Original article

Scand J Work Environ Health 2019;45(5):475-482    pdf

doi:10.5271/sjweh.3811 | Issue date:

Risk of selected childhood cancers and parental employment in painting and printing industries: A register-based case‒control study in Denmark 1968–2015

by Volk J, Heck JE, Schmiegelow K, Hansen J

Objectives Parental exposures and offspring’s risk of cancer have been studied with inconsistent results. We investigated parental employment in painting and printing industries and risk of childhood leukemia, central nervous system (CNS) cancers, and prenatal cancers (acute lymphoblastic leukemia, Wilms tumor, medulloblastoma, neuroblastoma, retinoblastoma, and hepatoblastoma).

Methods Using Danish registries, children aged ≤19 years diagnosed from 1968–2015 with leukemia (N=1999), CNS cancers (N=1111) or prenatal cancers (N=2704) were linked to parents and their employment history one year before birth to birth for fathers, and one year before birth to one year after for mothers. Twenty randomly selected controls per case were matched by age and sex. Odds ratios (OR) and 95% confidence intervals (95% CI) were estimated using conditional logistic regression.

Results For fathers, we found increased risks for acute myeloid leukemia (AML) consistent in painting (OR 2.26, 95% CI 1.07–4.80) and printing industries (OR 2.43, 95% CI 0.94–6.23) and these industries combined (OR 2.10, 95% CI 1.14–3.87). For mothers, increased risks of CNS cancers were found for painting industries (OR 2.34, 95% CI 1.10–4.95) and painting and printing combined (OR 1.97, 95% CI 1.08–3.64). For fathers working in combined industries, the OR for CNS was increased (OR 1.54, 95% CI 1.02–2.31), most prominently in printing industries (OR 2.09, 95% CI 1.17–3.75).

Conclusion We observed increased risks of CNS tumors in offspring after parental employment in painting and printing industries. Children of fathers employed in painting and printing industries had a two-fold increase in AML.

The incidence of childhood cancer is increasing worldwide (1). Leukemia and central nervous system (CNS) tumors are the most common childhood cancers and some of the leading causes of death among children in the western world (2). Survivors face increased morbidity and mortality into adulthood (3) and causes remain almost unknown. Occupational exposure to several chemicals and complex mixtures are well-documented causes of cancer in adults, and parental exposure to potential carcinogens may contribute to several different types of childhood cancer (4). The potential impact of maternal exposure might occur either preconceptionally, during gestation, or after birth either through mutations to the gametes, direct or indirect exposure of the womb, or direct transmission of substances to the child (5). Research also suggests that paternal preconceptional environmental exposures could affect the offspring’s risk of childhood cancer through epigenetic influences on sperm (6).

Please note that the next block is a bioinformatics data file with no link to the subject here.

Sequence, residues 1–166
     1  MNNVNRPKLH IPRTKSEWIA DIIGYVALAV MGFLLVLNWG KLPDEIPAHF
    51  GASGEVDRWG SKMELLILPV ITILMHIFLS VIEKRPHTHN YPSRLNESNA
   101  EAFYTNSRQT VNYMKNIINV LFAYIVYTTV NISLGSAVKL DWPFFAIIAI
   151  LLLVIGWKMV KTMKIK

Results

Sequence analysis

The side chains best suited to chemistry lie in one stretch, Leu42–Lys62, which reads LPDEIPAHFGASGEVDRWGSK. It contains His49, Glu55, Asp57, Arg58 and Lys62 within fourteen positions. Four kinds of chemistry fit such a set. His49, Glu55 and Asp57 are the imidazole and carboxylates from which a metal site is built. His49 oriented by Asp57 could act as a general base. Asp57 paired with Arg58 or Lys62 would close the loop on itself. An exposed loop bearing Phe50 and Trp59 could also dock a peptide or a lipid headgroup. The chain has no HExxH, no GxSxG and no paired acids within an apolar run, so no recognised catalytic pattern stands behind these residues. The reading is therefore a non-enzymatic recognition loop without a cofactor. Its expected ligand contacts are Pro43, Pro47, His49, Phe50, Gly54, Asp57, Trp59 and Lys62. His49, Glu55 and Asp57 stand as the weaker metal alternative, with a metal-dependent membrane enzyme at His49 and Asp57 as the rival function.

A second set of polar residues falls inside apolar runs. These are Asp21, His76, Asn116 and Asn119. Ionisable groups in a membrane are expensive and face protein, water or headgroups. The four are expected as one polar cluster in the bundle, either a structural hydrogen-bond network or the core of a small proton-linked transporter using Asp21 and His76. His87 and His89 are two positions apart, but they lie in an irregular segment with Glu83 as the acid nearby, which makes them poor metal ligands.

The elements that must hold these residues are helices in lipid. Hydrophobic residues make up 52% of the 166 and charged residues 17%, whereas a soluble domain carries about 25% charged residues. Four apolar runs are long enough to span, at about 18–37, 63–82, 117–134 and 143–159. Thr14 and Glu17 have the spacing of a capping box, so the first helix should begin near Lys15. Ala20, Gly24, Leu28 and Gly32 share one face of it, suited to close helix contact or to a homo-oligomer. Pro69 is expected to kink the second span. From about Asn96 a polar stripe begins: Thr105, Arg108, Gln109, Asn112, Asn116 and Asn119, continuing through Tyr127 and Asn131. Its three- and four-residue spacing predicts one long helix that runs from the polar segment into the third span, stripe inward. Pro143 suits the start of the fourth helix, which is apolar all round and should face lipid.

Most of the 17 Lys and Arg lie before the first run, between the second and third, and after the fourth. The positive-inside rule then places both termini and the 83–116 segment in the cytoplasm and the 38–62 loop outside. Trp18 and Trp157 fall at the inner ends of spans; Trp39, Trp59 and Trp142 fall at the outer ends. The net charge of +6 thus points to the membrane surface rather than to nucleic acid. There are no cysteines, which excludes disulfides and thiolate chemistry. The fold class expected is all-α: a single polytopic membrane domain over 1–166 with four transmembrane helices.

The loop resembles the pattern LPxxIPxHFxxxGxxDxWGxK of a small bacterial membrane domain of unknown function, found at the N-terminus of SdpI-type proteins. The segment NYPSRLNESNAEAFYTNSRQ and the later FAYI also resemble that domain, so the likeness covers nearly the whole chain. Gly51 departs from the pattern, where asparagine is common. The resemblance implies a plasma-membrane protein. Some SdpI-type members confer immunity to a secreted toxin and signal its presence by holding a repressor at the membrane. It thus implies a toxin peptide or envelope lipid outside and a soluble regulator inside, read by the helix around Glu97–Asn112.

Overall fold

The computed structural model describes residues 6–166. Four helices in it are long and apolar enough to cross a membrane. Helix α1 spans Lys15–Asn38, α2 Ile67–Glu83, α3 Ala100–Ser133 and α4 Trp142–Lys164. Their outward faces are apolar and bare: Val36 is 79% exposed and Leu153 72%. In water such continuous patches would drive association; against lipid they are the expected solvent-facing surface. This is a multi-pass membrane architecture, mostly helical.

Exposures encountered in painting and printing industries are somewhat similar, and the International Agency for Research on Cancer (IARC) have classified them as group 1 and group 2B, respectively (7, 8).

In 2007, the IARC found positive associations between maternal exposure to painting and childhood leukemia, but this was based on a few studies (7). Further, positive associations between parental exposure to benzene, which has previously been a solvent or pollutant in some paints prior to the 1980s, has recently been associated with childhood acute myeloid leukemia (AML) (9). Somewhat inconsistent associations have been reported between occupation as a painter and in printing processes and childhood CNS cancers (4, 1015). Thus, the small number of studies and inconsistent findings suggest further studies are warranted.

In epidemiologic studies, it is methodologically difficult to retrospectively assess prenatal occupational exposures in parents. A major common limitation in most existing studies of parental exposures and childhood cancer is the potential for recall bias when collecting exposure information after diagnosis and using proxy-informants, eg, mothers reporting on father’s exposure. Further, most studies have focused on paternal occupational exposure, but increasingly maternal exposures are being studied. The aim of this study is to examine whether perinatal paternal and maternal employment in painting or printing industries, as well as the two industries combined, is associated with childhood leukemia, CNS tumors, and prenatal cancers by using reliable nationwide register-based employment data.